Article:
The Modern Foreign Language units have been developed for TeachandLearn.net in collaboration with CiLT.

Other Acknowledgemen
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References

Claiborne, R. (1983; this edition 1990) The Life and Times of the English Language: The History of our Marvellous Native Tongue, Bloomsbury.
Tolkien, J. R. R. (1954; this edition 2003) The Lord of the Rings: The Two Towers, HarperCollins.
Bodmer, F. (1943) The Loom of Language, London: Allen & Unwin (republished Merlin Press, 1981).
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1.6. Listening, reading and language assimilation

One assumption that is widely held as axiomatic is that people learn by doing … We seem to have deduced that people learn to speak by speaking and so on. In reality one simply drowns by attempting to swim without some sort of prior preparation and theoretical instruction. Obviously the art of speaking can be improved by practice but the skill of speaking is learnt primarily in a vast complex of other ways. It might be su
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1.5. Introducing vocabulary

How do you introduce new vocabulary to your students? There is nothing more deadly than being given a list of words and being told to learn them. Utterly essential as this is to language learning, it is probably the most ‘missed’ homework of them all.

Pupil: But they’re hard to learn!

Me: Why? How do you learn them?

Pupil: I look at the paper they’re written on.

Me: And … ?

Pupil:
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1.4. Encouraging students to think about etymology

When is the best time to introduce students to making connections between languages?

  1. When introducing them to the new language.

  2. When introducing new vocabulary.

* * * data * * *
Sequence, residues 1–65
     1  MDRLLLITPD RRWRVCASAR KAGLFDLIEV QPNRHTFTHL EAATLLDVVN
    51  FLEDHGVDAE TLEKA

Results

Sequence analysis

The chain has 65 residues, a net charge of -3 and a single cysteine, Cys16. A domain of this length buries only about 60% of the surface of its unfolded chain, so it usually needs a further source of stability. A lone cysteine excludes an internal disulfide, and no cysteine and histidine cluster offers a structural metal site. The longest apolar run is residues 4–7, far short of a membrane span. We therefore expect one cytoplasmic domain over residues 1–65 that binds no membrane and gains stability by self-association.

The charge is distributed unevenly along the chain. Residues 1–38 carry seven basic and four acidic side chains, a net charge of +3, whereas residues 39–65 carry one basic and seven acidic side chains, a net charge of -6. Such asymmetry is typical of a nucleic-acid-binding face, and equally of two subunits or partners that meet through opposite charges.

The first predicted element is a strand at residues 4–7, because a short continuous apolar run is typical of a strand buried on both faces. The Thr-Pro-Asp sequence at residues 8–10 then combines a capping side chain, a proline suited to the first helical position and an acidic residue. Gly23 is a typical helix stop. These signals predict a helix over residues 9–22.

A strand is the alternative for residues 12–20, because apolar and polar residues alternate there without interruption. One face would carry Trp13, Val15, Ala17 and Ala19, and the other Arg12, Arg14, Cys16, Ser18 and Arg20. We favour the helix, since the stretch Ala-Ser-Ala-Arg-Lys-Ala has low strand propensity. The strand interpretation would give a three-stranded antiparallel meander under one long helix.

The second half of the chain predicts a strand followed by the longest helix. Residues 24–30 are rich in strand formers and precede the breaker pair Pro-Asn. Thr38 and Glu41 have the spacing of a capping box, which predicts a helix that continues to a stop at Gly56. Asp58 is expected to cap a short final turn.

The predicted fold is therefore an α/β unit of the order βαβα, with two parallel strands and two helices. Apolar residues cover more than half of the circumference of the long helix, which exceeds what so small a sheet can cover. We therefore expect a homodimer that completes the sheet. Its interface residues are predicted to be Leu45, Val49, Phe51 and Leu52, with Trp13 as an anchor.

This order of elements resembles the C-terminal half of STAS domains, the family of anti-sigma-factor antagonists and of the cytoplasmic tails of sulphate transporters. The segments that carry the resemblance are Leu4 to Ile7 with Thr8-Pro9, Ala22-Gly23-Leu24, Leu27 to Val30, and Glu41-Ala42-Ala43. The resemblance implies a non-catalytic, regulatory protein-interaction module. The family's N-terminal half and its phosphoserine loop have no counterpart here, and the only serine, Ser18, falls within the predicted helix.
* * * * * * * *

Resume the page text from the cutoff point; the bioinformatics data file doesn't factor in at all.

3. When developing whole-class reading skills.

It is very encouraging to students about to embark on the study of their first foreign language to know that they already possess a working knowledge of some of its vocabulary. English is littered with dir
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2. Starters

We all have pictures in our heads but some people use them more than others.

‘Doing’ can often be the most powerful way to learn. Before discussing other people's thoughts on visualisation, it is probably worthwhile to spend some time exploring some visualisation activities with your colleagues. This should enable you to consider the next section from an experiential perspective.


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5 Conclusion

I hope this unit has made clearer what a business manager can do to impact positively on the school and its core function of teaching and learning as we move forward into a changing future.

You may now find it helpful to revisit your job description and the notes you made in Activity 1.

Equally, through some of the new developments that are taking place in society, the school itself will need business management in order to best position itself to help pupils, parents and communit
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1.4.7 T is for Timeliness

The date when information was produced or published can be an important aspect of quality. This is not quite as simple as saying that 'good' information has to be up to date.

Activity

Here is an example of a news item from an onli
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1.2.1 Planning your search

Your approach to searching will depend to a great extent on what kind of person you are. In an ideal world, when searching for information for a specific purpose, we would all find what exactly we were looking for at the first attempt, especially if we are in a hurry. However, it’s always a good idea to have some kind of plan when you are searching for information, if only to help you plan your time and make sure you find the information you need. If I was starting to search for material on
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SP.772 Internet Technology in Local and Global Communities (MIT)
This course is based on the work of the MIT-African Internet Technology Initiative (MIT-AITI). MIT-AITI is an innovative approach by MIT students to integrate computers and internet technology into the education of students in African schools. The program focuses upon programming principles, cutting-edge internet technology, free open-source systems, and even an entrepreneurship seminar to introduce students in Africa to the power of information technology in today's world.MIT-AITI achieves this
Author(s): Gaudi, Manish,Gray, Paul

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Content within individual OCW courses is (c) by the individual authors unless otherwise noted. MIT OpenCourseWare materials are licensed by the Massachusetts Institute of Technology under a Creative C